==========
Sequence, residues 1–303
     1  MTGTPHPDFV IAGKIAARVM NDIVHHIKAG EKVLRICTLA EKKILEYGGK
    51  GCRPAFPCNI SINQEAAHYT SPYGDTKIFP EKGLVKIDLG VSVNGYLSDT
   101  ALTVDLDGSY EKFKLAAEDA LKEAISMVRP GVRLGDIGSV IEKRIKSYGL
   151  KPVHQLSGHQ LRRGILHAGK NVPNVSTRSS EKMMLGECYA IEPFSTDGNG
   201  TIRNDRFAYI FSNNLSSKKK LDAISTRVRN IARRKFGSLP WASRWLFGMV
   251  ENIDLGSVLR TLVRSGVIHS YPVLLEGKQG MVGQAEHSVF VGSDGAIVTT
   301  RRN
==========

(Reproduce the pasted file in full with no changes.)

Sequence, residues 1–303
     1  MTGTPHPDFV IAGKIAARVM NDIVHHIKAG EKVLRICTLA EKKILEYGGK
    51  GCRPAFPCNI SINQEAAHYT SPYGDTKIFP EKGLVKIDLG VSVNGYLSDT
   101  ALTVDLDGSY EKFKLAAEDA LKEAISMVRP GVRLGDIGSV IEKRIKSYGL
   151  KPVHQLSGHQ LRRGILHAGK NVPNVSTRSS EKMMLGECYA IEPFSTDGNG
   201  TIRNDRFAYI FSNNLSSKKK LDAISTRVRN IARRKFGSLP WASRWLFGMV
   251  ENIDLGSVLR TLVRSGVIHS YPVLLEGKQG MVGQAEHSVF VGSDGAIVTT
   301  RRN